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Glock 20 bbls: Stock bbl vs. Aftermarket bbl?

Discussion in 'The 10 Ring' started by pasky2112, Aug 6, 2012.

  1. samurairabbi

    samurairabbi Dungeon Schmuck

    Dec 31, 1998
    Indianapolis, IN
    Copo9560 covered the ammo angle. There is another aspect: The Glock polymer frame does make the recoil absorption easier to handle. The flexing of the frame DOES reduce PERCEIVED recoil. The original FBI experience was with all-metal guns.
    Last edited: Aug 13, 2012
  2. dm1906

    dm1906 Retired SO

    Sep 7, 2010
    PRK (Kalifornia)
    Of course, but the clearance is insignificant. The minimum/maximum case length tolerance is a LOT more than the mere couple thousandths of an inch behind the extractor (case rim engaged). Chamber depths can vary, between .992-.998" (SAAMI is .992"). Minimum case length is about .982" (most new brass is in the .985" neighborhood). The extractor will hold tension on the case, defaulting to breech contact in almost every case. In any case, it's a moot point, unless something is broken. So, yes, I do tolerate this head space variance. So do you, if you shoot this pistol. For the same reasons, it is recommended (by some) that the extractor be modified to accommodate this when using a G21 slide to fire 10mm or .40 rounds (in an appropriate barrel, of course). Unless something is broken, it will be well within the range of tolerance.

    In my RBH revolver, the chamber depth is .992". After a few firings of the same brass (moderate to max-pressure loads), the brass will be stretched to .992, due to this condition. Light loads have no affect. It has no extractor to hold it back. When fired, the firing pin pushes the cartridge forward to case mouth engagement, then it slams back to the breech. This is normal for this gun, by design (or lack thereof). Firing 10mm or .40 in my 10mm G20 does not do this, at all. No stretch. Many other revolvers do not experience this, as they are head-spaced using moon clips, not relying on case mouth engagement (which is a better, but less convenient strategy).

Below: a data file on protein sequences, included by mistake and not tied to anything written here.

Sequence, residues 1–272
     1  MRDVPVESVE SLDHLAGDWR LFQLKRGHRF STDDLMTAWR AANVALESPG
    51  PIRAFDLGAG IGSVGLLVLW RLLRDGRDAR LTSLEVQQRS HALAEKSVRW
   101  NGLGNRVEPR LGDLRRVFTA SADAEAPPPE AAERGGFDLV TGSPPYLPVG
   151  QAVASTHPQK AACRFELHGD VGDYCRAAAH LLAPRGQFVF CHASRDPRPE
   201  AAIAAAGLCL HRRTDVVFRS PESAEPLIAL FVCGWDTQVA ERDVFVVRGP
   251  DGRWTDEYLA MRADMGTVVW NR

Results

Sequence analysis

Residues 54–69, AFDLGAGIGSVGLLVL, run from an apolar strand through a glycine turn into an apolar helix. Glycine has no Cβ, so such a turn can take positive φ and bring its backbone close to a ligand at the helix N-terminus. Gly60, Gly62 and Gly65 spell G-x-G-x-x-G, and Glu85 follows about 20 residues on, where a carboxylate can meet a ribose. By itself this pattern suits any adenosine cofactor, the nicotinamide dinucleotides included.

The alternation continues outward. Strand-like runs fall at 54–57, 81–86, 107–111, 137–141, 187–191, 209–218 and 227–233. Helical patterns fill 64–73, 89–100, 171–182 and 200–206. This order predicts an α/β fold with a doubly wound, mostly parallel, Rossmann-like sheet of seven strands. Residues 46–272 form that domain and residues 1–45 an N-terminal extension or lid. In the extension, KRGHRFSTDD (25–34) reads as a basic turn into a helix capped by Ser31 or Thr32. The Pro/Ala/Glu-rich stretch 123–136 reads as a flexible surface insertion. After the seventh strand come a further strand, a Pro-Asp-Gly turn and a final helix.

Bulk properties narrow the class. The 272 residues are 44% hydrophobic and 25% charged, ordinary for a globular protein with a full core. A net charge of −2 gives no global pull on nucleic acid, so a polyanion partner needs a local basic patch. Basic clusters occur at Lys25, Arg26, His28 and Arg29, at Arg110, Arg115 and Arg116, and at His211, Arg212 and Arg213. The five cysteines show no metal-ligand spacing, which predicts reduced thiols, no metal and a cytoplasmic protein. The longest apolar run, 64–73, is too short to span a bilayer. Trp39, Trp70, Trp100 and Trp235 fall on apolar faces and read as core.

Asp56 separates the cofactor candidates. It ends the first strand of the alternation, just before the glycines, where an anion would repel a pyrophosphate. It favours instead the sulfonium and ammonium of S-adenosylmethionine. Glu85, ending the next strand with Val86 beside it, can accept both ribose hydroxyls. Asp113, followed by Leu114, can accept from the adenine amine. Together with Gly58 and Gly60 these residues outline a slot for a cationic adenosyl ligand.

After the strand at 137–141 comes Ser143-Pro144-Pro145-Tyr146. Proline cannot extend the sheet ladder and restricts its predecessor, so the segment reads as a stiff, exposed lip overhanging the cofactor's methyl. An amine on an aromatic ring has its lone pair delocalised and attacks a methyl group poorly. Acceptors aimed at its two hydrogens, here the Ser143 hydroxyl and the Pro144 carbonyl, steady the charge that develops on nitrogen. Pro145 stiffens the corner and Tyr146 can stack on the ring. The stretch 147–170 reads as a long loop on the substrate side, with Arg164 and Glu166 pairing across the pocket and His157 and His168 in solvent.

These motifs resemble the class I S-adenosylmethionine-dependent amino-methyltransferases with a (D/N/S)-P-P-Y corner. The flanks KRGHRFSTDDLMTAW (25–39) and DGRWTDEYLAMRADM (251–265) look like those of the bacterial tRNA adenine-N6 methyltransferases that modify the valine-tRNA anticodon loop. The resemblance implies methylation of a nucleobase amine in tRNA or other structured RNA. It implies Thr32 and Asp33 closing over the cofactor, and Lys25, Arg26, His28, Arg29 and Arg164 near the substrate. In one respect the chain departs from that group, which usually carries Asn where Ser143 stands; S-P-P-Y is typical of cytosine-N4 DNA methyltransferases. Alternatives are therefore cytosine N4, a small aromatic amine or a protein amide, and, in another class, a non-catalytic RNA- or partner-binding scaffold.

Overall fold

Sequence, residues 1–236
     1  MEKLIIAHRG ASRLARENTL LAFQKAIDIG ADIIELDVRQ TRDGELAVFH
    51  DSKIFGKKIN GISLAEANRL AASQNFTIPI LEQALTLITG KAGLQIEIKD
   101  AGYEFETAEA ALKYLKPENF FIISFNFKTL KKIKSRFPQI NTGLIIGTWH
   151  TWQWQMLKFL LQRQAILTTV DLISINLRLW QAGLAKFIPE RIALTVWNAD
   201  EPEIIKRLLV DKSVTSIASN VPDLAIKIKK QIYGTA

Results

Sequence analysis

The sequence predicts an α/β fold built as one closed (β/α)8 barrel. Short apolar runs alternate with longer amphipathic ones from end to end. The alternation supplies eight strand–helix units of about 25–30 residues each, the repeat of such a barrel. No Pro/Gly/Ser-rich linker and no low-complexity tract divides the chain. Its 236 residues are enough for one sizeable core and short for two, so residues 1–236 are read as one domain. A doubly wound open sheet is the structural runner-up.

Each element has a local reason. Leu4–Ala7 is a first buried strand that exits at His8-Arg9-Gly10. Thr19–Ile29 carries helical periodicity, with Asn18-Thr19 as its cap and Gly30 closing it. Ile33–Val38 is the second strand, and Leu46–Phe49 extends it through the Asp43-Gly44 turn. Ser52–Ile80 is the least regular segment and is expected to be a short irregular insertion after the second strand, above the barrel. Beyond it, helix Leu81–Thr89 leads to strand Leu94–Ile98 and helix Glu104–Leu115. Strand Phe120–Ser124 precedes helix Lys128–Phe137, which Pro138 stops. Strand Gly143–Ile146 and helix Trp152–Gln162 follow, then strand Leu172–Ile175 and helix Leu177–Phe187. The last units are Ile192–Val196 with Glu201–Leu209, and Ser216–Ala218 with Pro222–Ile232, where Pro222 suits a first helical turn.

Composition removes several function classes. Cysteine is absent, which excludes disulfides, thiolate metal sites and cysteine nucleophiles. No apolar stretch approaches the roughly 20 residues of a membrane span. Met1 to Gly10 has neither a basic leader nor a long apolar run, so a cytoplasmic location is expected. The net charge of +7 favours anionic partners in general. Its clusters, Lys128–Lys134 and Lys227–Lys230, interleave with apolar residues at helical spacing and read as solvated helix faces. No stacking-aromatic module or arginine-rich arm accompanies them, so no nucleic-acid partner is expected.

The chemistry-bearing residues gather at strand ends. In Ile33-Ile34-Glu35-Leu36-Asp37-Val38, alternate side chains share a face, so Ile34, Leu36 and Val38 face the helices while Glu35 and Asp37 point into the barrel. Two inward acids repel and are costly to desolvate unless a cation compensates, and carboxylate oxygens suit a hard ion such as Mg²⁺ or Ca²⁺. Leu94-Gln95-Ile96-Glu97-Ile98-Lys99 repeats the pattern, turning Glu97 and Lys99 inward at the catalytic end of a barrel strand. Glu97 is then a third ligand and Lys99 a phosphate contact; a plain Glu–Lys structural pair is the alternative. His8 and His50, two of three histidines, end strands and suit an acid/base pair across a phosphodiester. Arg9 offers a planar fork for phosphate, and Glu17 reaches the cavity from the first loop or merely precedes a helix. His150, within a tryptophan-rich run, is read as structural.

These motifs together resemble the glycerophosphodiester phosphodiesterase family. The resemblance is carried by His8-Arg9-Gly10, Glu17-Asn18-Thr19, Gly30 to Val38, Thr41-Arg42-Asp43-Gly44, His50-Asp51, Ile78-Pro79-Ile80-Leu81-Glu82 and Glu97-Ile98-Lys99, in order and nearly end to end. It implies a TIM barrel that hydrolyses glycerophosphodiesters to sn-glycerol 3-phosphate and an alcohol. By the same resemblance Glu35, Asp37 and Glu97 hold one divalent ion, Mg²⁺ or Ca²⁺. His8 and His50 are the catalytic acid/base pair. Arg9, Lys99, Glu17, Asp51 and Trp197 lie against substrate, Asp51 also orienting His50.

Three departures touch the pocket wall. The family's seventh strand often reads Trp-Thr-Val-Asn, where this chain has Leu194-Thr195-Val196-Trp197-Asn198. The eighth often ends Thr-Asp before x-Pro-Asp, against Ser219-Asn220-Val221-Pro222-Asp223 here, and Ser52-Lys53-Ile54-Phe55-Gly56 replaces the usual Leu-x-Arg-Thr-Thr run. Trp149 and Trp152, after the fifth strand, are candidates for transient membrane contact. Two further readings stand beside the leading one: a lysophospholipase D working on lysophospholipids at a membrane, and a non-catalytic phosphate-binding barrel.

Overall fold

3. copo9560


    Feb 21, 2012
    After reading this thread and others I went to the range today and tried some range grade Federal 40 S&W in my 20SF. Functioned every time although the brass only ejected a few feet. Reminded me of shooting 38 wadcutters in a 357 Mag - very little recoil compared to a hot 10mm load. Only having a 50 yard target available today the accuracy was not as good as the 10 loads but I'll try again at shorter range next time out.

    With Wal-Mart selling 40 S&W for around $27 per 100 my 20SF will be getting a lot more range time.
  4. pasky2112

    pasky2112 Senior Member

    Aug 2, 2012
    Brevard, FL
    @copo9560: Oh definitely. I bought the PMC just to get the feel of the G20, overall and 'make some brass' until my back ordered brass comes in. Then handloads/reloads only for range time. The PMC brass has been good to me in .40 reloads. We'll see how they do in 10mm.

    In fact I just got my 22# SS RSA today. Changed out my primer system to LP in the ol' Dillon...gonna crank 'em out then send 'em down! If the range isn't too busy, I'll throw up my chrono and see if there's a diff between the stock RSA and the 22# in ES, SD etc. Anyway, that's OT from the thread. But I want to see how my stk bbl (or should I say 'brass') holds up to 'real' 10mm loads with the new spring.

    FWIW, Starline is shipping their new batches today 8/15.
    Last edited: Aug 15, 2012